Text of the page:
The rise of right-wing extremism creeping into Singapore is a worrying development and is part of a larger wave sweeping across the world, Home Affairs and Law Minister K Shanmugam said on Wednesday.
He was commenting on the case of a 16-year-old Singaporean detained under the Internal Security Act (ISA) for plotting to attack Muslims with a machete at two mosques in Singapore.
The boy, a Protestant Christian of Indian ethnicity, was influenced by Australian shooter Brenton Tarrant, and planned to attack mosque-goers on the second anniversary of the Christchurch mosque attacks in New Zealand in which Tarrant killed over 50 Muslim worshippers.
“This boy is 16 but he was extremely serious,” Shanmugam told reporters. “Violent impulses are not restricted to any particular racial or religious group. It’s really a question of being exposed to hate speech and then being influenced by it.”
In a report by the Straits Times, he said Singapore’s strategy has been to engage with communities and religious organisations on maintaining religious and racial harmony, as well as to use the ISA to pick up radicalised individuals before they can cause any harm.
Emphasising that extremism is not restricted to one particular group, he pointed to terrorists who claim to act in the name of Islam, as well as right-wing extremists with hate-filled manifestos.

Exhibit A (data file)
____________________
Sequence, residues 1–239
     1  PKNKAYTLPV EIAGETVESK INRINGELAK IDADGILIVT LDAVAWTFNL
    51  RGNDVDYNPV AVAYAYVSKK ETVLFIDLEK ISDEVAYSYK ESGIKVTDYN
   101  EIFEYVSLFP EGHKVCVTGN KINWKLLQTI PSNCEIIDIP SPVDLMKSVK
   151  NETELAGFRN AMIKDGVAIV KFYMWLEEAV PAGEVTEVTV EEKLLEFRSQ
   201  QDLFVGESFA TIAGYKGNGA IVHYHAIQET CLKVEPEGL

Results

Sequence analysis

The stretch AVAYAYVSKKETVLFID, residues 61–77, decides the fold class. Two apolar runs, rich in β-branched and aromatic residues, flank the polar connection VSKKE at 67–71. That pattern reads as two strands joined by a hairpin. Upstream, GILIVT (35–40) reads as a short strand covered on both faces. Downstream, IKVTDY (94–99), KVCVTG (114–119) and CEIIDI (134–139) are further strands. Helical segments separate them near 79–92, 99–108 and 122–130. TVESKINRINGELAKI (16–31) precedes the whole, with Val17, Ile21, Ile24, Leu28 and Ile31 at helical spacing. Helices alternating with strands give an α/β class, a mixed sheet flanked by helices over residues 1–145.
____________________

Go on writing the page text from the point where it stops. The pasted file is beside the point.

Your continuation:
Shanmugam also noted a worrying trend. He said that since 2015 seven young people under 20 have been arrested under the ISA after becoming radicalised online.
The minister held up the latest case as an example of why Singapore takes a tough stance against hate speech of all forms. The police are focused on responding quickly to terror incidents but it will not be easy to prevent every attack like the one the youth had planned, he cautioned.
Since the plot came to light, the Internal Security Department and the Ministry of Culture, Community and Youth are encouraging religious organisations to be more vigilant.
Religious leaders are urging Singaporeans to join forces to battle online radicalisation of young people.
The National Council of Churches of Singapore issued a statement on Wednesday, saying: “We believe that this is an isolated incident, and that the youth developed his extremist ideology on his own rather than from any teaching from his church or other churches in Singapore. Nevertheless, we urge all church leaders and Christians to be vigilant and to continue careful nurture of youths who worship in our churches.”